Even if some of the drones were intercepted, the strikes, which resulted in the deaths of three people, undermined Emirati faith in their deterrence capacities. Moreover, the absence of U.S. retribution for the bombings was another reason UAE leaders publicly doubted the U.S.'s ability and willingness to defend the Emirates from similar strikes supported by Iran. Despite intense American pressure to back Ukraine in the UN Security Council, it is unclear if these worries influenced the UAE's diplomacy in Russia.

The decision by the Gulf powers to support a ceasefire in Yemen, which started on April 2, was unquestionably influenced by the Houthi drone assaults.

Drones supplied by Tehran have given Iran's friends political sway in Iraq. For example, Iran-backed militias attacked Prime Minister Mustafa al-home Kadhimi's in November 2021, one month after national elections in which pro-Iranian candidates did poorly. Iran supplied the drone that targeted the home. While several security personnel were hurt and property was damaged, the Prime Minister was unharmed. However, the blatant assault showed how determined the militia organizations and those in Tehran who supported them were to remove Kadhimi while a new administration was being formed. As of August, organizations supported by Iran seem prepared to establish a government with pro-Iranian figures at the top.

Iranian leaders point to how skillfully its allies and Iran itself have used drones, or unmanned aerial vehicles, to promote their technology overseas. In addition, sales of drones can help Iran generate income at a time when its economy is still heavily pressured by sanctions.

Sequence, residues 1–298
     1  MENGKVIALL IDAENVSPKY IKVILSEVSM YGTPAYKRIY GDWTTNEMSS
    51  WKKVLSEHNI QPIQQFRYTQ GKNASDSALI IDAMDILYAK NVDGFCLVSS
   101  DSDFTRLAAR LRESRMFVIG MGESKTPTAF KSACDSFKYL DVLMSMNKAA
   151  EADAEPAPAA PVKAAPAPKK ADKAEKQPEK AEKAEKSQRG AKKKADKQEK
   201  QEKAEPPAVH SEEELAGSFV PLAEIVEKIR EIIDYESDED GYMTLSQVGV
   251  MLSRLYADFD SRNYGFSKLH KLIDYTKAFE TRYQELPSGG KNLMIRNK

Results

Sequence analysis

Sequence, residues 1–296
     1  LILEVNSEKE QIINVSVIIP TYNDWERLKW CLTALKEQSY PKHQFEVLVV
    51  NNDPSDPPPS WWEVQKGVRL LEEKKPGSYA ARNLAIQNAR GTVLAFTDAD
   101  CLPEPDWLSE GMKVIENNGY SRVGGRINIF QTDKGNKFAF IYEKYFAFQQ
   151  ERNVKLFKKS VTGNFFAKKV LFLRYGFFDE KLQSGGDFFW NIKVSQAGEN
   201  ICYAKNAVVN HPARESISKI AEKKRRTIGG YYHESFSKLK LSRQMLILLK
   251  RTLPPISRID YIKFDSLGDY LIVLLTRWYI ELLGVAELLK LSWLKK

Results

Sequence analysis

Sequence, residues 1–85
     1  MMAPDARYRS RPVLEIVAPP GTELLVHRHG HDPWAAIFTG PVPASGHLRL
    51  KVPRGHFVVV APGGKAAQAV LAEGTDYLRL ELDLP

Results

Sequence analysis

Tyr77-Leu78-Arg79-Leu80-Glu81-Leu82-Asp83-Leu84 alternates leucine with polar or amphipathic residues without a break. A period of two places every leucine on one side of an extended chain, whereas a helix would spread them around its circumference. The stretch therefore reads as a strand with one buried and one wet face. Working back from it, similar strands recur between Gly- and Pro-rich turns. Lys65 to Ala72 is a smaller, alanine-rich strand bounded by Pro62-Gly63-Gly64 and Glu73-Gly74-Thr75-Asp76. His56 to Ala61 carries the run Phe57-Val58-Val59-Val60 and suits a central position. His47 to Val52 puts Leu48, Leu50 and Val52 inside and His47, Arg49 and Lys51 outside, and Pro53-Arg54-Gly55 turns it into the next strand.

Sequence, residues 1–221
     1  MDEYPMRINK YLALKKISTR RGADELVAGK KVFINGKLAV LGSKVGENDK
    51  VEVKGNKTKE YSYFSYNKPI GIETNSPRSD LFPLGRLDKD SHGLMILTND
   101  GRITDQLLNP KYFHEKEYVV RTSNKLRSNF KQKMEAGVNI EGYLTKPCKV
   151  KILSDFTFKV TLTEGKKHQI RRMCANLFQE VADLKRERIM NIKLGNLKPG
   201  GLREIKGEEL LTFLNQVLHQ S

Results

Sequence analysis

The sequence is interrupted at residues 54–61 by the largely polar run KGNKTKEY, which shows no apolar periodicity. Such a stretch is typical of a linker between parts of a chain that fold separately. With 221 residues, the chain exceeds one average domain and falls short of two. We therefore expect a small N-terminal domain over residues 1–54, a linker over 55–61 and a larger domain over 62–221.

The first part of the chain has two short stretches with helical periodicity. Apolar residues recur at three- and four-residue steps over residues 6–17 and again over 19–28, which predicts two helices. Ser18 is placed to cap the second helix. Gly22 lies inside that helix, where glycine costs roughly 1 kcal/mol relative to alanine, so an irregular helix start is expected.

In relation to Russian President Vladimir Putin's trip to Tehran in July, U.S. officials said they were keeping an eye on the possibility that Iran might give Russia some of its most advanced combat drones as Moscow looks to restock and improve an arsenal that its conflict with Ukraine has depleted.

Journalists discovered an armed Mohajer-6 drone on an Ethiopian airbase in late 2021 as Ethiopian forces engaged rebels stationed in Tigray Province. In addition, Iran opened a plant to make sophisticated, armed drones in Tajikistan, a neighboring country that speaks Persian and is an ally of Russia, in May 2022. However, it is unclear whether the Tajikistani plant would serve as a supplier of Iranian unmanned aerial systems to Moscow.

The Mohajer-2, one of Iran's most sophisticated systems, was also delivered to Sudan and Venezuela. Venezuela has taken moves to create its own domestic UAS program and works with Tehran to lessen the impact of U.S. sanctions on both Caracas and Tehran.

Iran will likely continue to provide its closest regional allies with these systems, which have succeeded in Tehran's efforts to project power throughout the region, regardless of whether Iran-made UAS developed into a significant arms export sector.

Before the COVID-19 outbreak began, there was substantial talk of a UN Security Council resolution regarding the possibility of nonstate armed groups, particularly terrorist organizations. In addition, the Global Counter-Terrorism Forum and other international players have focused increasingly on the potential use of drones by terrorist organizations.